Fixing that which isn’t necessarily broken

On Thursday the Wisconsin Interscholastic Athletic Association, everyone’s favorite sports sanctioning body (insert eyeroll here), decided to implement a shot clock in the 2019–20 basketball season.

The Wisconsin Basketball Yearbook’s Mark Miller doesn’t like the decision for five reasons:

1) Speeding up an opponent is a strategy used often by high school coaches during game planning for an opponent. The idea is to make the opponent play faster and thus rush into rash decisions that negatively affect their team.

After watching high school games all over the state, both in season and during the summer, it has become abundantly clear to me that the vast majority of players struggle when the pace of the game increases. Speeding up kids on the basketball court most often leads to poor decisions. The elite-level players can handle the quickened pace of a shot clock, but the overwhelming majority of kids playing the game are not at an elite level. When forced to make a quick decision at the end of a shot clock, poor shots will be forced. That can happen without a shot clock as well, but my hunch is you will see even more bad shots taken when the WIAA moves to a shot clock in a few years.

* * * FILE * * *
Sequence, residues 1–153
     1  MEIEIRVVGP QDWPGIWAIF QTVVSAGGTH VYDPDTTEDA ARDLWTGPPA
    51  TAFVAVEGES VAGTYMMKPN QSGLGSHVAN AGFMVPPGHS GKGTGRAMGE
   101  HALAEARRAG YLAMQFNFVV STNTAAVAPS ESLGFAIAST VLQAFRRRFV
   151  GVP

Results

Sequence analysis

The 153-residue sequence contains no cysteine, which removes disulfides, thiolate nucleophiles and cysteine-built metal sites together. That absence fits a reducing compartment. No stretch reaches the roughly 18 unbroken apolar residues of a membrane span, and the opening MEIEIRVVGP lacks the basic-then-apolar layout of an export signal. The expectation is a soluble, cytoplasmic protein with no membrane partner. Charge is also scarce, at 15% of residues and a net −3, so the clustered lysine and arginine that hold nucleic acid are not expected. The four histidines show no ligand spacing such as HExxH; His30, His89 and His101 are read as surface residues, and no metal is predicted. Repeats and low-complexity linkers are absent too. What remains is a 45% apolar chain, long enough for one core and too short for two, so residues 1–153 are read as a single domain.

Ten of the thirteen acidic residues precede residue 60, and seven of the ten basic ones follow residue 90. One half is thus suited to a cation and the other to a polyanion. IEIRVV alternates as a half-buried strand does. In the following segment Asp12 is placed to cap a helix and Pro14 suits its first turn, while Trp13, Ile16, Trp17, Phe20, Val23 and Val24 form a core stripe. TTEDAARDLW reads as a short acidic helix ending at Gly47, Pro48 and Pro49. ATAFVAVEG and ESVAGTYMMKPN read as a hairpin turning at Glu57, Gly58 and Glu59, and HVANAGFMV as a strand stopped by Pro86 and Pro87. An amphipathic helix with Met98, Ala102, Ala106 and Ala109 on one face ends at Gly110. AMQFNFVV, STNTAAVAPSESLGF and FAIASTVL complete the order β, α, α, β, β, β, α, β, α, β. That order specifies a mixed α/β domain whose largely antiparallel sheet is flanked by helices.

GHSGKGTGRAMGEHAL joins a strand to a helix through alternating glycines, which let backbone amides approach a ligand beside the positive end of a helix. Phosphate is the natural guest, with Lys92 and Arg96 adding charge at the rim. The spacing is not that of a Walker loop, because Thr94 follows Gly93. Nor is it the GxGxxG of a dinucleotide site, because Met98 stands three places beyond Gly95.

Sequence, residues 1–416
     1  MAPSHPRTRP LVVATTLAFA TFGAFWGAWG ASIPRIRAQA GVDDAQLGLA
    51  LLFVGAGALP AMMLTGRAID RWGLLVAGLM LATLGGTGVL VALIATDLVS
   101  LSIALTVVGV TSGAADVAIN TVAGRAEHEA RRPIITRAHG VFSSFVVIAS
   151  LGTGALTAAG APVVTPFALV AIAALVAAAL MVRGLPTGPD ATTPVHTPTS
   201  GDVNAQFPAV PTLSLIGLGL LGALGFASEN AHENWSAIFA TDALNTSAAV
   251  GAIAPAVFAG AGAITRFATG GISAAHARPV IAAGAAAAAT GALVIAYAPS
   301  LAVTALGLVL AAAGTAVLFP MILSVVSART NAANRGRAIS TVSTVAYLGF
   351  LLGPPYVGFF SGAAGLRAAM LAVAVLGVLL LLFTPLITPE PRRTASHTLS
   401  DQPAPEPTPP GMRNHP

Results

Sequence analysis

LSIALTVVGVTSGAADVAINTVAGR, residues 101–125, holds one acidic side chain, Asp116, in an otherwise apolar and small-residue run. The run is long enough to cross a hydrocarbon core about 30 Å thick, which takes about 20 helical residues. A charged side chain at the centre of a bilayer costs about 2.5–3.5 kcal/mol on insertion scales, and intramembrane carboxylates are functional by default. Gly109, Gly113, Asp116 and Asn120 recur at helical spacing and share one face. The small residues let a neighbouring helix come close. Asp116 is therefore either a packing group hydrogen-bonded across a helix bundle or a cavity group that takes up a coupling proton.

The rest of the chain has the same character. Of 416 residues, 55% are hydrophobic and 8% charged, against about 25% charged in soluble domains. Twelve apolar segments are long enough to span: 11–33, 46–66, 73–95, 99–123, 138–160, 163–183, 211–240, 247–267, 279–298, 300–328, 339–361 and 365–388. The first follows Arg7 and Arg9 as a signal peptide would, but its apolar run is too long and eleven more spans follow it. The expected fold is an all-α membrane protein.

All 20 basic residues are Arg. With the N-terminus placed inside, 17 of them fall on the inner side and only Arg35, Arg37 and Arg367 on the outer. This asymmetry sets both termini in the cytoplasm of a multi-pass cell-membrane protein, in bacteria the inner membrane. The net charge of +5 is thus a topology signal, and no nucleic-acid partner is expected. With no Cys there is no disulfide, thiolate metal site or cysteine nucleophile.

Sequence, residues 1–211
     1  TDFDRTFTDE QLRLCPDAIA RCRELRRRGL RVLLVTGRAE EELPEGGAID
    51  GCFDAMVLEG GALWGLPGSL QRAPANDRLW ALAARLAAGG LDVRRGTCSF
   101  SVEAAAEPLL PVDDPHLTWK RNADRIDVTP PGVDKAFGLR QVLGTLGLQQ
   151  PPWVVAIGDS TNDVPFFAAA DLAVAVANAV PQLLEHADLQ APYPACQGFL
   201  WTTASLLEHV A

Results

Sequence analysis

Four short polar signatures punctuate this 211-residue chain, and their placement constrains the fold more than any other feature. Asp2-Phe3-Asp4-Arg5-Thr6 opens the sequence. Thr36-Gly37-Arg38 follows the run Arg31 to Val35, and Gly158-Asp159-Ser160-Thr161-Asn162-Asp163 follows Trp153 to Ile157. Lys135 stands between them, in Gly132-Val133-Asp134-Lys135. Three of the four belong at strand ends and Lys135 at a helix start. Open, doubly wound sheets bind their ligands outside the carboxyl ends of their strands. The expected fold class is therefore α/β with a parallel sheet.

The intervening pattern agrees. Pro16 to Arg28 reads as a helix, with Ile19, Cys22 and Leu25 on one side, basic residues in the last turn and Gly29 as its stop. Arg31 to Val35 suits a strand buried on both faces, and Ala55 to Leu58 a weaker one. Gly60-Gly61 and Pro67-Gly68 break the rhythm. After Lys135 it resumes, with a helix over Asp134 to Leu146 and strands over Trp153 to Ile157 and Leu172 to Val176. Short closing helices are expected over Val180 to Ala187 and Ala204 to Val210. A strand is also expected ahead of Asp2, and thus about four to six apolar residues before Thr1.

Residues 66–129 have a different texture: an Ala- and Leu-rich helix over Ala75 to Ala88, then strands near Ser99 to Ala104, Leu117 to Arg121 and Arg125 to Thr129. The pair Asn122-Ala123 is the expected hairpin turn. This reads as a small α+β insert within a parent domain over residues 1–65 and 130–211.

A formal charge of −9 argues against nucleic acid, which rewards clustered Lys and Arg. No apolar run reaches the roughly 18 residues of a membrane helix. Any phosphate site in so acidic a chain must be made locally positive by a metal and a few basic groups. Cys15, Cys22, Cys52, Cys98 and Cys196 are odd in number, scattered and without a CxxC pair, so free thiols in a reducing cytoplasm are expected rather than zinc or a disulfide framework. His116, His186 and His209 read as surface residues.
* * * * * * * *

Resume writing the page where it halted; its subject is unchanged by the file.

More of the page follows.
2) Yes, professional and college basketball teams play with a shot clock. And it is fun to watch plays develop with the shot clock winding down. However, the players at that level are good enough to play with a shot clock. Professional players have competed in the game much, much longer than high school kids. College players, no matter the level, represent a tiny fraction of the entire high school crop. The fact so few states currently use a shot clock is a clear signal that it’s not something most view as necessary for the high school game.

3) An occasional slow-down game does create some uneasiness among the fans in the stands. Antigo’s 14-11 road victory over Rhinelander in the 2016 WIAA playoffs being a prime example. But those games are rare. I feel adding a shot clock will greatly decrease the chances of the underdog to pull the upset. Teams with less depth, less skill and less size than their opponent will have to play in a similar way with 35-second possessions. It takes a good chunk of the strategy out of the game. That is not a minor loss to the game.

4) Part of the beauty of following high school basketball is watching a deliberate team play against a full-court pressing team. Which team will dictate tempo? Who is better at making the opponent play their style? Much of that is now out the window with the addition of a shot clock. Teams that like to make an opponent play defense for minutes at a time will now get a mere 35 seconds for each possession. Most teams able to run their offense for minutes at a time end up with very high percentage shots. It is much easier to play defense for 35 seconds than two or three minutes.